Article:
Speculation on Amazon’s options for its big HQ2 project is dominating chatter on the sidelines of a conference of site-selection consultants in Seattle this week.
Amazon kicked off a continentwide bidding war early this month when it announced it was seeking a second headquarters.
This week, by coincidence, the brokers for such deals came to Seattle. These are people who drop into conversation the term “laborshed” as easily as the local residents might use “watershed.”
The Site Selectors Guild, a trade group whose members pitch themselves as consultants for companies seeking a new site to place a plant or buy some office space, gathered at a downtown hotel this week.
The occasion was an annual meeting, a chance to network with colleagues and an audience of public-sector economic-development officials.
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Overshadowing the event was Amazon’s hunt for “HQ2,” the new corporate campus the retailer aims to place somewhere in North America. The surprise announcement by the Seattle company promised 50,000 jobs and $5 billion in investment — the biggest economic-development prize in memory — and attracted, at last count, more than 130 interested bidders.
Unfortunately for the assembled consultants here, Amazon is apparently using its own resources. Location consultants say that, with the exception of its data-center business, Amazon tends to use its own staff to evaluate office-space decisions.
“I wish they’d bring one of us in,” said Mark Williams, chairman of the trade group.
This week’s events for guild members included a tour of Boeing and, until a late cancellation, Amazon.
“They’re in the middle of this project, do they want 10 or 15 of us walking around?” Williams said. “Maybe it’s not the right time.”
Amazon declined to comment.
Speculation on Amazon’s options dominated chatter on the sidelines of the conference. There was little consensus.
Places with a large workforce to staff the place?
“That’s a lot of people for a laborshed to provide,” Williams said of Amazon’s hiring aims. “I’m not sure how a city of 200,000 even registers. It’s like you need New York, or Tokyo, or Los Angeles.”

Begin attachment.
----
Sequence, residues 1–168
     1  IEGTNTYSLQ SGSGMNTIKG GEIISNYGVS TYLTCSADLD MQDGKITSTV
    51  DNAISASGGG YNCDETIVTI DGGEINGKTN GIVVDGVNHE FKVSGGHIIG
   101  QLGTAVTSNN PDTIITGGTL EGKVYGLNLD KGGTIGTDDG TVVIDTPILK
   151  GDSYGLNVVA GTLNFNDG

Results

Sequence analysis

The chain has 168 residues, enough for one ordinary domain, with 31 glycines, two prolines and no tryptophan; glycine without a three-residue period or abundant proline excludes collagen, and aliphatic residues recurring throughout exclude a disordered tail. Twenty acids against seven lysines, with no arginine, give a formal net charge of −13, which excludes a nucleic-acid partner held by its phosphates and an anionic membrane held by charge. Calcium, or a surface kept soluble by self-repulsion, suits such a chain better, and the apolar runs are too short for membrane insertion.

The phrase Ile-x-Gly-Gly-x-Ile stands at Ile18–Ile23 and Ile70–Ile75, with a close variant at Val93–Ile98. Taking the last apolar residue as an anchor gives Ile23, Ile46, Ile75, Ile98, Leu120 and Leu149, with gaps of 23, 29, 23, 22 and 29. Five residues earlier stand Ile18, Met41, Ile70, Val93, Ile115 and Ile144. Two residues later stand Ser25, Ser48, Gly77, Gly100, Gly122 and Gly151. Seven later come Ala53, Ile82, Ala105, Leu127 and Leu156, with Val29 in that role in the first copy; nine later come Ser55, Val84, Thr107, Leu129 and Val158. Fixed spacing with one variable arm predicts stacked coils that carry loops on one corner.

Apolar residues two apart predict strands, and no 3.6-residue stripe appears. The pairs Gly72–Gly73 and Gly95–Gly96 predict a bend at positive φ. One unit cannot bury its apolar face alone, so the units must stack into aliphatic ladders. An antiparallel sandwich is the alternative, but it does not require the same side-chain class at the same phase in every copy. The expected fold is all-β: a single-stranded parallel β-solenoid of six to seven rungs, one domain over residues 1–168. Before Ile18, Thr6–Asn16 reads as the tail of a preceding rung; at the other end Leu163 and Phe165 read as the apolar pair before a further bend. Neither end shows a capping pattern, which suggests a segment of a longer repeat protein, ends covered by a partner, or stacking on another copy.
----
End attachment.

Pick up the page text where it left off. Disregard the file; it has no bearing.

Jim Renzas, of RSH Group, speculated that Amazon would likely choose a low-tax city and state, ideally a spot that appeals to tech workers. Say, Nashville, Tennessee, or Denver.
Austin, Texas? “Austin is in that bucket, although it’s pretty congested,” he said. And, Renzas added, its airport isn’t the best.
This crowd knows your city’s strengths and weaknesses by heart.
Seattle, despite its rising cost of living, housing shortage and traffic problems, is still an attractive market for corporate America, consultants said.
Gov. Jay Inslee kicked off the proceedings Tuesday with his pitch to the audience of corporate gatekeepers to consider Washington.
His staff figures about 60 businesses with site searches may land in the state.
Washington, Inslee said, was the best state for businesses, citing a “light touch regulatory system” and pro-business tax regime.
“No. 2,” he said, “Is Pickens County, South Carolina.”
The joke was a nod to posters plastering the breakfast nook set up in a corner of the Fairmont Olympic Hotel. Placards touted Pickens County’s business-friendly climate and expertise in the solar-power industry.
Many of the event’s sponsors and the trade group’s membership hail from the Southeast, a hotbed of activity for site-location consultants and the government economic-development groups that sit on the other side of the table.
Facing the decline of traditional industries and a small manufacturing base, states from the Carolinas to Louisiana have spent decades recruiting companies based elsewhere, courting factories from the Midwest and, later, outposts from foreign automakers and aerospace companies.
Their reach stretches to the Northwest, too. Boeing’s decision to start work on the 787 Dreamliner in Everett, and its subsequent search that landed on North Charleston, South Carolina, as a second site for building the planes, were brokered by members of the Site Selectors Guild.
Now, the race is on for another homegrown Seattle company.
Among the latest developments: Spokane threw its hat into the ring for HQ2, while New Jersey’s embattled Gov. Chris Christie and lawmakers from both parties — who usually find little in common — agreed on overhauling a program that has awarded billions of dollars in tax breaks to draw businesses to the state.
The changes would allow Amazon’s HQ2 to use Grow NJ tax incentives anywhere in the state, eliminating a requirement they be used only to attract businesses to some of the state’s most economically depressed cities.